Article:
chondrocyte


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chondrocyte

 [kon´dro-sīt]
one of the cells embedded in the lacunae of the cartilage matrix. adj., adj chondrocyt´ic.

chon·dro·cyte

(kon'drō-sīt),
A cartilage cell that occupies a lacuna within the cartilage matrix.
Synonym(s): cartilage cell
[chondro- + G. kytos, a hollow (cell)]

chondrocyte

/chon·dro·cyte/ (kon´dro-sīt) one of the cells embedded in the lacunae of the cartilage matrix.chondrocyt´ic

chondrocyte

(kŏn′drə-sīt′)
n.
A cartilage cell located in a lacuna of the cartilage matrix.

chondrocyte

[kon′drəsīt]
Etymology: Gk, chondros + kytos, cell
any one of the polymorphic cells that form the cartilage of the body. Each contains a nucleus, a relatively large amount of clear cytoplasm, and the common organelles. chondrocytic, adj.

chon·dro·cyte

(kon'drō-sīt)
A nondividing cartilage cell; occupies a lacuna within the cartilage matrix.
[chondro- + G. kytos, a hollow (cell)]

chondrocyte

a mature cartilage cell embedded in a lacuna within the cartilage matrix.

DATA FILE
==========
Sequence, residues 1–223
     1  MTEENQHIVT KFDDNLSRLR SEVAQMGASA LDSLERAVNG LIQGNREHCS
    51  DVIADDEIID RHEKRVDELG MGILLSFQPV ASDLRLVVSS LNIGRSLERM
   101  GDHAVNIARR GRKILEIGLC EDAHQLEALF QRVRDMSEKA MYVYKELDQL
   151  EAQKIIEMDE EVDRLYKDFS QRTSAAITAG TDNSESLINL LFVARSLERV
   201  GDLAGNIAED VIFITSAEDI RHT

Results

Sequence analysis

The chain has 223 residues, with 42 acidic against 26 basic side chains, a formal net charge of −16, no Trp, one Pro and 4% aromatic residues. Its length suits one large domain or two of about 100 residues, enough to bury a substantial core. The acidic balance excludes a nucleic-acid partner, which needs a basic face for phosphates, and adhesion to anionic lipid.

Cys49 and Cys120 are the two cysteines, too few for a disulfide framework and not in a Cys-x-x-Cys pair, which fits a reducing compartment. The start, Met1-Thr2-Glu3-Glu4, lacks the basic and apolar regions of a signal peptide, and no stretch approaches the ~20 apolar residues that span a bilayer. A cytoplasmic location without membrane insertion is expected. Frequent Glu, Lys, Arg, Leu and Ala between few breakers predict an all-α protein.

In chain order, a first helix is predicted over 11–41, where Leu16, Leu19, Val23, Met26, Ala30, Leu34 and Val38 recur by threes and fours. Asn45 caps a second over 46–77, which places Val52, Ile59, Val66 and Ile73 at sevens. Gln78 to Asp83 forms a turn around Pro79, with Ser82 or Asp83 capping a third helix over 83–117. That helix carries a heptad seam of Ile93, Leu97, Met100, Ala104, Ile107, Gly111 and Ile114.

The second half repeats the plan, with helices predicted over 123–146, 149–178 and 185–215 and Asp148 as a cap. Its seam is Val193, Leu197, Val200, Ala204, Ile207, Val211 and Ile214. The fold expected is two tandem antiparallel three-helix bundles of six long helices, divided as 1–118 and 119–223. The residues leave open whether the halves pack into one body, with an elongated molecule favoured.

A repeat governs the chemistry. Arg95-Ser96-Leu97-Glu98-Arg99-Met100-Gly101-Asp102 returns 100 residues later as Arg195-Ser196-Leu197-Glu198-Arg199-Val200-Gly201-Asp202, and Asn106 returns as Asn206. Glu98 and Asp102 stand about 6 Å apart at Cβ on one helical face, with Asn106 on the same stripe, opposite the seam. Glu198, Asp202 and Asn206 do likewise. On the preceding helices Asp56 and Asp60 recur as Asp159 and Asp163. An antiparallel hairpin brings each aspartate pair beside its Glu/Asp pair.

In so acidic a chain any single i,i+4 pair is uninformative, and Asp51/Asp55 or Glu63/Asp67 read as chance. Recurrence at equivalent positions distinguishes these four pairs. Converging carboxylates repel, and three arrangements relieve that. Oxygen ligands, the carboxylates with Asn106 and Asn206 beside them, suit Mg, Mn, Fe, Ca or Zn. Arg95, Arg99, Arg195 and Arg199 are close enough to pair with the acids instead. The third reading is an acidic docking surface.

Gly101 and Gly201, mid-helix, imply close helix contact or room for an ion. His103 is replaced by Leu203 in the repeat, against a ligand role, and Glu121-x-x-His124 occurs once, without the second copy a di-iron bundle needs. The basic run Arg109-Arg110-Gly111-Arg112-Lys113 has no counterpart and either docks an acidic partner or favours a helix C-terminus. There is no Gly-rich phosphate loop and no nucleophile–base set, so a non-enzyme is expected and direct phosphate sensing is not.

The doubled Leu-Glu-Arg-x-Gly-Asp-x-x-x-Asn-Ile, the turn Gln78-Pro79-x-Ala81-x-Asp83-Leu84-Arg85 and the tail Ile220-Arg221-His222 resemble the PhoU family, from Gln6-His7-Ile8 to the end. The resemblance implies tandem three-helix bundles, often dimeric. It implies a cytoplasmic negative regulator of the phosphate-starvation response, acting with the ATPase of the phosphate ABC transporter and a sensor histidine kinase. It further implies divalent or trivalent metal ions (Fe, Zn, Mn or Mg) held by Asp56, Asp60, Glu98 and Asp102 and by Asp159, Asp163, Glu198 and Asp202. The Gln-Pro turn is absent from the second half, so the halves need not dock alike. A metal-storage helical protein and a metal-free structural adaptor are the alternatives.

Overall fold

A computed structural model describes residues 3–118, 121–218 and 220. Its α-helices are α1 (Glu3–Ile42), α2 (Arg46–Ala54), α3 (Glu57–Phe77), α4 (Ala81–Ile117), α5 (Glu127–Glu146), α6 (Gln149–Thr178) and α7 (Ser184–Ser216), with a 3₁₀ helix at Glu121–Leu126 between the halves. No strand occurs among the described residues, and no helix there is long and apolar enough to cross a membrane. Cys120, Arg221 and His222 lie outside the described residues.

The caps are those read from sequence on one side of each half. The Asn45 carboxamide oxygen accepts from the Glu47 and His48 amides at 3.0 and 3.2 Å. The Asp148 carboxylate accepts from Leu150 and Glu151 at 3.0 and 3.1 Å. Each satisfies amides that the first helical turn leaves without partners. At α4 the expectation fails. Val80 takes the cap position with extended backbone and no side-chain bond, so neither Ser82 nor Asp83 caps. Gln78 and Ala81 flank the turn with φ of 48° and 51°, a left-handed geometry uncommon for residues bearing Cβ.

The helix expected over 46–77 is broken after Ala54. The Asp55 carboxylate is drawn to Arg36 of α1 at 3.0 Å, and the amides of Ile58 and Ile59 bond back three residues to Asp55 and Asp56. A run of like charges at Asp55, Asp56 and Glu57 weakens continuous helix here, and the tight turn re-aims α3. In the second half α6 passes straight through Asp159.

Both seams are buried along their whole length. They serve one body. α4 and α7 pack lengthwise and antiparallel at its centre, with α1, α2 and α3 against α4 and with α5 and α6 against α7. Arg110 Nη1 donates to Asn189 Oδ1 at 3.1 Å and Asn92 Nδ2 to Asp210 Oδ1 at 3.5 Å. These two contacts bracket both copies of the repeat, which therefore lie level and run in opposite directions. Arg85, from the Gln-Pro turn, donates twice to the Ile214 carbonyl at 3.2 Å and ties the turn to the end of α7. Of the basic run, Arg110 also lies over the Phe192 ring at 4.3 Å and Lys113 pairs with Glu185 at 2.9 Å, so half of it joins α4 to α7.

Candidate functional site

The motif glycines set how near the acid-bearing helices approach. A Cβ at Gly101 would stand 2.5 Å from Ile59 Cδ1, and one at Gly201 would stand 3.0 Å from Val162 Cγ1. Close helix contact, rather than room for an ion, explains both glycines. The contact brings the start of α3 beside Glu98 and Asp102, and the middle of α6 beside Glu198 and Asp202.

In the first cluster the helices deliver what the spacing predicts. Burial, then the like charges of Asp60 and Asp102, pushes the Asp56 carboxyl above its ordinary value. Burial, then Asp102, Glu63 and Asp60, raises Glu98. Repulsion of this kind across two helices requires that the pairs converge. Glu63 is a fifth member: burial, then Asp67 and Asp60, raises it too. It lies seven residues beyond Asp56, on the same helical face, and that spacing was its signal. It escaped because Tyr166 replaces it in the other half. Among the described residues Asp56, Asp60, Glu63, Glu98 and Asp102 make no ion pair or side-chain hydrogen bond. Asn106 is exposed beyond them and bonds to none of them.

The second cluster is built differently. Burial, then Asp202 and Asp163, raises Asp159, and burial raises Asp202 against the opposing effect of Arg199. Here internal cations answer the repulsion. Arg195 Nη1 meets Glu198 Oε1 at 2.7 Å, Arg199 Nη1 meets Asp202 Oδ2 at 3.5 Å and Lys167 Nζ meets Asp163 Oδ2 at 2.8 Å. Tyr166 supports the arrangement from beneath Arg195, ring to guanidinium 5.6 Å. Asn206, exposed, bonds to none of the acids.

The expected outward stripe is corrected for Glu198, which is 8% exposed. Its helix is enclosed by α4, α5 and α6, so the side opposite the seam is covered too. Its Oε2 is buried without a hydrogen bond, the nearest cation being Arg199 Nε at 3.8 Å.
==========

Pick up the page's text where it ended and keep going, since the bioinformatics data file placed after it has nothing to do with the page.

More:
References in periodicals archive ?
alpha]-Melanocyte-stimulating hormone ([alpha]-MSH) modulates human chondrocyte activation induced by proinflammatory cytokines.
One goal of the study was to determine how crosslinking and pH variations affect the cell viability of chondrocytes and the mechanics, gelation kinetics and printability of collagen bioinks.
Evidence linking chondrocyte lipid peroxidation to cartilage matrix protein degradation.
This results in increased expression of TNF-[alpha], which further potentiates inflammatory events already in play [53] and initiates chondrocyte expression of MMP-1 [54], MMP-2 [55] and MMP-13 [56].
Trattnig, "Magnetic resonance observation of cartilage repair tissue (MOCART) forthe evaluation of autologous chondrocyte transplantation: determination of interobserver variability and correlation to clinical outcome after 2 years, " European Journal of Radiology, vol.
In the nonimmobilized subgroup, the chondrocyte apoptosis ratio on the therapy side was (35.
We evidenced reduced chondrocyte nuclei, with hardly any lacunae present, surrounded by generous cartilaginous matrix with fibers (Figure 7).
We hypothesize that reduction of environmental temperature to 23[degrees]C and 4[degrees]C, inducing hypothermia, during treatment with local anesthetics would decrease chondrocyte death when compared to chondrocytes treated under normal physiological temperatures (37[degrees]C).